Category Archives: Family Law

Children – Intellectual disability – Sterilisation – Family Law

Department of Health & Community Services v JWB & SMB (“Marion’s Case”) [1992] HCA 15; (1992) 175 CLR 218 (6 May 1992).

“Children – Intellectual disability – Sterilization – Power of parents to consent – Assault – Parens patriae jurisdiction of court – Criminal Code Act 1983 (N.T.), ss 1, 26, 181, 187 188.

Family Law (Cth) – Family Court – Jurisdiction – Welfare – Parens patriae – Intellectually disabled child – Sterilization – Power of Court to authorize operation – Effect of authorization on criminal law – Family Law Act 1975 (Cth), ss. 63, 64, 64E – Criminal Code Act 1983 (N.T.), ss 1, 26, 181, 187, 188.”

The court held that the parents of a 14 year old mentally retarded girl from the Northern Territory could not lawfully authorize a sterilization procedure on their child without an order of a court.

The court held that the Family Court of Australia has the jurisdiction  to authorize the carrying out of a sterilization procedure but could not approve consent being given to the parents unless the court authorizes the procedure.

Whilst parents or guardians may authorize or consent to the carrying out of a therapeutic treatment of their child, they have no such power regarding non-therapeutic treatment.

Sterilization of an intellectuallly disabled minor falls outside of the ordinary scope of parenal powers if the procedure is not obviously necessary.

Children have the right to personal integrity under domestic and international law. Procedures, such as sterilization, are “invasive, irreversible and major surgery”. It is up to the court, not the parents or guardians, to decide the appropriate circumstances that are in the best interests of the child.

http://www.austlii.edu.au/au/cases/cth/HCA/1992/15.html

Lawyers

1300 00 2088

Harris v Caladine [1991] HCA 9 | 17 April 1991

ON THIS DAY in 1991, the High Court of Australia delivered Harris v Caladine [1991] HCA 9; (1991) 172 CLR 84 (17 April 1991).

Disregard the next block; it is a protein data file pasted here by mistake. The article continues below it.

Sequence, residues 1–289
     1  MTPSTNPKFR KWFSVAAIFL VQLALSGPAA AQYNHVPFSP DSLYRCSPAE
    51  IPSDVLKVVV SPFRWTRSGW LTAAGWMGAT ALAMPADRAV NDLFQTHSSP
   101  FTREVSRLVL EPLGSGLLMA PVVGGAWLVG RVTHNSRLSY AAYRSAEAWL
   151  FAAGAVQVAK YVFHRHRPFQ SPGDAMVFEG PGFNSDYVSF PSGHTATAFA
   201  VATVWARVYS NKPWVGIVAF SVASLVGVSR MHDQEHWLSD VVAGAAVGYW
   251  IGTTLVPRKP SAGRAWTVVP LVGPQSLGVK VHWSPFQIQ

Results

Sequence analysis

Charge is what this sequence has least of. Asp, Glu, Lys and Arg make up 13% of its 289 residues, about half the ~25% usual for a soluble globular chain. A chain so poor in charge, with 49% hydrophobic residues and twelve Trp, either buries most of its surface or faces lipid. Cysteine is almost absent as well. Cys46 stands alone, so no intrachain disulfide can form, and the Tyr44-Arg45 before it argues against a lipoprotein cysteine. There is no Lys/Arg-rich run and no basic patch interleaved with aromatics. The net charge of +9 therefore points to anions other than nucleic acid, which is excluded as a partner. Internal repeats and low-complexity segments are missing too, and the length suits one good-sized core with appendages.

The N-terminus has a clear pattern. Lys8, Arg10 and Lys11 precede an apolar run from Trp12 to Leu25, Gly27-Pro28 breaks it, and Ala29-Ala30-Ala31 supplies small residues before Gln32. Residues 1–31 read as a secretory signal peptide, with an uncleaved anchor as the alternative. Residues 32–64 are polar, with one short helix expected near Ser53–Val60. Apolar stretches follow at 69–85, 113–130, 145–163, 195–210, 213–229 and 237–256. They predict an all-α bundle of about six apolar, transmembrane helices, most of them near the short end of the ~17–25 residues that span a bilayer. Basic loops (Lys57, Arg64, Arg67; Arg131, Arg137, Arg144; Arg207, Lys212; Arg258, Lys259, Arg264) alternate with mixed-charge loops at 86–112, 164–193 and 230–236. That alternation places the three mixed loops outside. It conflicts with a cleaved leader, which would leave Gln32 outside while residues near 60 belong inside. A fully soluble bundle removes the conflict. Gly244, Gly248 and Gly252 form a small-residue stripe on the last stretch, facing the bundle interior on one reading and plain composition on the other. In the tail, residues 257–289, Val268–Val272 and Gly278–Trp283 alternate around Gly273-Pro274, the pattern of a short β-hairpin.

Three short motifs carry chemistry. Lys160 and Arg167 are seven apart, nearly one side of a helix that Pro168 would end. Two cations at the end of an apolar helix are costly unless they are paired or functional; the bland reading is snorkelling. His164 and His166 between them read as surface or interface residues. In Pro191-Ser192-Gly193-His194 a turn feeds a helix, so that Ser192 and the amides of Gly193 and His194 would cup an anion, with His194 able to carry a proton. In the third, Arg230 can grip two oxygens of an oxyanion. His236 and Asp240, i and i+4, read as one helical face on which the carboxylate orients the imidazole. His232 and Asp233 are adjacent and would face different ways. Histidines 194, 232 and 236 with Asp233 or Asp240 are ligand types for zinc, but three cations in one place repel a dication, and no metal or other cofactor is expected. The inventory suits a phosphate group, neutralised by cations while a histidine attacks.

Parts of the Family Law Act 1975 (Cth) allowing Judges of the court to make rules delegating judicial powers to registrars and non-judical officers were held to be valid and not in breach of the doctrine of separation of powers found in s71 and Chapters II and III of the Australian Constitution.

Family Court Judges may make rules and delegate their powers as long as they continue to bear the major responsibility for the exercise of judicial power.  The delegation must not be inconsistent with the obligation of a court to act judicially and that the decisions must be subject to review or appeal by a Judge.

Lawyers

Sydney, Australia

1300 00 2088

Mallet v Mallet [1984] HCA 21 | 10 April 1984

ON THIS DAY in 1984, the High Court of Australia delivered Mallet v Mallet [1984] HCA 21; (1984) 156 CLR 605 (10 April 1984).

Equality had long been the starting point when dividing matrimonial property on divorce.  The High Court in this case held that there is not to be a presumption of equality and that each case is to be determined upon a consideration of it’s particular circumstances.

Section 79(4) of the Family Law Act 1975 (Cth) requires consideration of the financial contributions, non-financial contributions and parental and/or homemaker services.

Lawyers

Sydney, Australia

1300 00 2088

The Australian Standards of Practice for Family Assessments and Reporting

The Family Court of Australia, Federal Circuit Court of Australia and the Family Court of Western Australia have jointly released The Australian Standards of Practice for Family Assessments and Reporting. The standards aim to:

  • “promote good practice in conducting and reporting in full family assessments by social workers and psychologists in family law matters…”
  • “provide information to the judiciary, agencies, legal professionals and parties who utilise the services of family assessors to increase the understanding in the broader sector as to what constitutes good practice in family assessments and reporting.”
  • “inform what can be expected as a minimum standard of practice when conducting family assessments and preparing reports.”

To access the standards, visit http://www.familylawcourts.gov.au/wps/wcm/resources/file/eb55680719c88d0/standards%20of%20practice_WEB_091214.pdf.

Australian Standards of Practice for Family Assessments and Reporting